The committee held a hearing on draft legislation that would set a national renewable electricity standard, which would help meet President Barack Obama's goal to double renewable energy production over the next three years.
Under the bill, the amount of the U.S. electricity supply coming from renewable energy sources would gradually increase to 4 percent in 2011-12, 8 percent in 2013-15, 12 percent in 2016-18, 16 percent in 2019-20 and 20 percent in 2021-39.
"I think that the votes are present in the Senate to pass a renewable electricity standard. I think that they are present in the House," Sen. Jeff Bingaman, the energy committee's chairman, said. "I think that we need to get on with figuring out what we can pass and move forward."
Qualifying renewable energy sources under the bill would be wind, solar, ocean currents and waves, geothermal, biomass, landfill gas and incremental hydropower.
Creating a renewable electricity standard would reduce U.S. dependence on fossil fuel sources that run power plants and cut those facilities' emissions of greenhouse gases linked to global warming and other pollutants, Bingaman said.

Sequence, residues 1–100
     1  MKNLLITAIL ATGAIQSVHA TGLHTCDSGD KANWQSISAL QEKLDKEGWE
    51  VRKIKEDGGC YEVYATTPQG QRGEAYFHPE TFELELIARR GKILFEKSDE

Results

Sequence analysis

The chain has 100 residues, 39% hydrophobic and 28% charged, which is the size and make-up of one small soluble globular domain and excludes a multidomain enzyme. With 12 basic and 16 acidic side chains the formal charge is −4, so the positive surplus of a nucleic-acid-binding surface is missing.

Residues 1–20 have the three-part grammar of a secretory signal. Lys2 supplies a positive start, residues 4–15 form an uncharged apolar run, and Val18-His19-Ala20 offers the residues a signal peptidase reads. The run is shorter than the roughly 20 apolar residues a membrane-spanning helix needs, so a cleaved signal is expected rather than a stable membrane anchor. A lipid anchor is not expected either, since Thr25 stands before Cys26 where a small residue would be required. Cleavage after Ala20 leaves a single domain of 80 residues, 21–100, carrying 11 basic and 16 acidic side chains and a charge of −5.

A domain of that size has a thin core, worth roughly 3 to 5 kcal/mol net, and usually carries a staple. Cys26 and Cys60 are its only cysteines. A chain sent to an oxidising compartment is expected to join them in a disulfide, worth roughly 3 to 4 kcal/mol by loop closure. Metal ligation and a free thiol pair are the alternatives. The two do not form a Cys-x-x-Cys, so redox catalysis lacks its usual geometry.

"This standard would also spur the development of a national green energy economy, creating hundreds of thousands of jobs, many in rural areas," he said.
However, power companies and regulators in southern states, where coal is popular for electricity generation, generally oppose a federal renewable standard. They argue not all states have abundant renewable energy resources like wind.
David Wright, commissioner of the South Carolina Public Service Commission, said a federal renewable standard "fails to recognize that there are significant differences among the states in terms of available and cost-effective renewable energy resources, and that having such a standard in energy legislation will ultimately increase consumers' electricity bills."